Investing in modern lightning carriers (CVLs) would allow naval aviation to provide broader support to more widely dispersed surface groups, bring high-end capability to the fight without holding more costly CVNs at risk, and coordinate strikes and C4ISR across a multinode network in a contested environment. Reorganizing fleets around standoff CVNs and forward positioned CVLs would allow naval aviation to deliver greater capability and capacity than traditional CSGs, more dispersed around and within an enemy’s threat umbrella, at a lower weapon-to-target cost-ratio. While CVLs would not be any less susceptible to enemy detection than CVNs or LHA/LHDs, allowing them to operate independently or with limited escorts would be cheaper than operating traditional CSGs, distribute firepower and assets more widely, and complicate enemy search, tracking, and targeting efforts.
Lightning carriers loaded mainly with a single type of aircraft, such as the F-35B, could move in and out of an A2/AD threat envelope while delivering localized precision fires. At the same time, CVNs could stay outside the threat envelope but deliver long-range effects using EA-18 Growlers, F-35Cs, and F/A-18 Super Hornets—refueled by MQ-25A Stingrays. CVL-based ISR assets, such as MQ-8 Firescout unmanned helicopters, could provide over-the-horizon targeting data and real-time situational awareness for networked combatants inside or outside an enemy’s weapons engagement zone. And CVLs could act as rearming and refueling “lily pads” for manned and unmanned platforms heading to or back from the fight.
Projecting naval power in tomorrow’s contested environments will require distributed maritime operations. The Navy and Marine Corps can maximize the capabilities of naval aviation by integrating their aviation assets, experimenting with tactics that mix CVNs and LHA/LHDs today, and investing in lightning carriers—CVLs—for the future.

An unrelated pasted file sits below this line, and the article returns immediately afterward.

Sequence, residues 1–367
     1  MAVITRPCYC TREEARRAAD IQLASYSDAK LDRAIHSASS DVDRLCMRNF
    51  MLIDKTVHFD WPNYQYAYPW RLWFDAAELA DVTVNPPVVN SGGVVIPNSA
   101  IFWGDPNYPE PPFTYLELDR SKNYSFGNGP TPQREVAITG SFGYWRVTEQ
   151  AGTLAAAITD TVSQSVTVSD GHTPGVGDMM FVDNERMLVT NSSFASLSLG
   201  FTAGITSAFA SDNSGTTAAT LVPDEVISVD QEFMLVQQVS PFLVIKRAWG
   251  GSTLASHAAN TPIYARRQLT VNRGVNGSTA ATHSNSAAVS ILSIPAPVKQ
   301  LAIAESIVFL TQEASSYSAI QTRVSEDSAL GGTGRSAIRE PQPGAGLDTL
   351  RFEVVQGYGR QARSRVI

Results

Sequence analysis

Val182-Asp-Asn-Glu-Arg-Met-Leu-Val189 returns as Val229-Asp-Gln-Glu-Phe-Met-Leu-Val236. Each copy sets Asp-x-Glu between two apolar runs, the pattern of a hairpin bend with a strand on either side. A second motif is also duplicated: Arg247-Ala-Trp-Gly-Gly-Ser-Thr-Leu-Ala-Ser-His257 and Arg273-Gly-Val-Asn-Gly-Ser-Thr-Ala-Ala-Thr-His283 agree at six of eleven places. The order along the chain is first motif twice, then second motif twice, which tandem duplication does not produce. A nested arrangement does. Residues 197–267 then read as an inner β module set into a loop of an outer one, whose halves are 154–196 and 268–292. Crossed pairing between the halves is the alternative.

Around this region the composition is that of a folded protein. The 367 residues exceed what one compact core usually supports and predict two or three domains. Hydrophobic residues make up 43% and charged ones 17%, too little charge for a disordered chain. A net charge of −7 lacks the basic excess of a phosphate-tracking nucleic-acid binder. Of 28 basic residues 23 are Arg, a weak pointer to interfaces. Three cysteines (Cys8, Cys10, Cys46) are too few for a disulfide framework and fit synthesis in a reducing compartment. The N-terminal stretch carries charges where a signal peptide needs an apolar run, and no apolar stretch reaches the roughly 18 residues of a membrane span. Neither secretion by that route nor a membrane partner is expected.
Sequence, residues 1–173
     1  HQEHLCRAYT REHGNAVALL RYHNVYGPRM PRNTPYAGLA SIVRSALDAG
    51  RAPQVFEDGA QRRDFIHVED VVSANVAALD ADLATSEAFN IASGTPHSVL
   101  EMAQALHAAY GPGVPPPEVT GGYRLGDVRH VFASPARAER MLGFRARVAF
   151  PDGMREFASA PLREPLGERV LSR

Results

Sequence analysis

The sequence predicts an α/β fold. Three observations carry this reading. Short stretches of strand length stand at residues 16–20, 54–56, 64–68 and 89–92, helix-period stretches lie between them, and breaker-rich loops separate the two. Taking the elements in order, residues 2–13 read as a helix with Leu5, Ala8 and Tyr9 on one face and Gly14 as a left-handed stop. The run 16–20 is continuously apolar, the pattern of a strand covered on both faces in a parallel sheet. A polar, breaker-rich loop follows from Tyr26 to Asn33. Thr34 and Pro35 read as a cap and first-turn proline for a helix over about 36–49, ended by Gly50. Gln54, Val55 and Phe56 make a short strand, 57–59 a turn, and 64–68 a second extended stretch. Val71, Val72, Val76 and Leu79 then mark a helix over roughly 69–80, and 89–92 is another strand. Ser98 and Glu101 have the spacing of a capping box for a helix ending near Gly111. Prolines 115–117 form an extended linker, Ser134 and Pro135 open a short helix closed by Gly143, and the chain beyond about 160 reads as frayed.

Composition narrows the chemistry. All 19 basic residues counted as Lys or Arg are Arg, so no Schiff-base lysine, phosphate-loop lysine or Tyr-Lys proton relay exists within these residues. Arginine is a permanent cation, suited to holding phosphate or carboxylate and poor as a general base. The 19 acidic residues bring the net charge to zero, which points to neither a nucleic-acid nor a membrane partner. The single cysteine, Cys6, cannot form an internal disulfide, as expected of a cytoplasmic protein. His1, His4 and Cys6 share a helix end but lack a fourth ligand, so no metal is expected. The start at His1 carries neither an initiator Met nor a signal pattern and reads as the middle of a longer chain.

1. Bradley Martin and Michael McMahon, Future Aircraft Carrier Options, (Santa Monica, CA: RAND Corporation, 2017) i, ix.
2. “Surface Force Strategy: Return to Sea Control.” www.public.navy.mil/surfor/Documents/Surface_Forces_Strategy.pdf
3. David B. Larter, “CNO Sounds Off: The Drift, Season II, Vol. IV,” Defense News, 11 December 2019, www.defensenews.com/naval/the-drift/2019/12/11/cno-sounds-off-the-drift-season-ii-vol-iv/.
4. Patrick Cronin et al., Beyond the San Hai: The Challenge of China’s Blue-Water Navy (Washington, DC: CNAS, 2017), 8–9.
5. General David H. Berger, USMC, Commandant’s Planning Guidance (2019), www.hqmc.marines.mil/Portals/142/Docs/%2038th%20Commandant%27s%20Planning%20Guidance_2019.pdf?ver=2019-07-16-200152-700
6. Ronald O’Rourke, “Navy Ford (CVN-78) Class Aircraft Carrier Program: Background and Issues for Congress,” Congressional Research Service (March 2020), pp. 4-5. crsreports.congress.gov/product/pdf/RS/RS20643
7. Wayne P. Hughes and Robert Girrier, Fleet Tactics and Naval Operations (Annapolis, MD: Naval Institute Press, 2018), 42.
8. Hughes, 277-278
9. Christopher Paul, et al, Moving Beyond Population-Centric vs. Enemy-Centric Counterinsurgency, Small Wars & Insurgencies, 27:6, 1019–1042, www.tandfonline.com/doi/abs/10.1080/09592318.2016.1233643
10. Hunter Stires, “The South China Sea Needs a ‘COIN’ Toss,” Proceedings, May 2019, www.usni.org/magazines/proceedings/2019/may/south-china-sea-needs-coin-toss
11. Megan Eckstein, “Marines Test ‘Lightning Carrier’ Concept, Control 13 F-35Bs from Multiple Amphibs,” USNI News, 23 October 2019, https://news.usni.org/2019/10/23/marines-test-lightning-carrier-concept-control-13-f-35bs-from-multiple-amphibs.
12. Forecast International. Warship Forecast: LHD-1 Wasp Class, (Washington Navy Yard: Naval Sea Systems Command, September 2010), 8. www.forecastinternational.com/archive/disp_pdf.cfm?DACH_RECNO=798
13. Price Gilbert, The Escort Carriers in Action, the Story, in Pictures, of the Escort Carrier Force, U.S. Pacific Fleet, 1945 (Atlanta: Ruralist Press, 1946) 13.
14. Gilbert, 14
16. Martin, ix.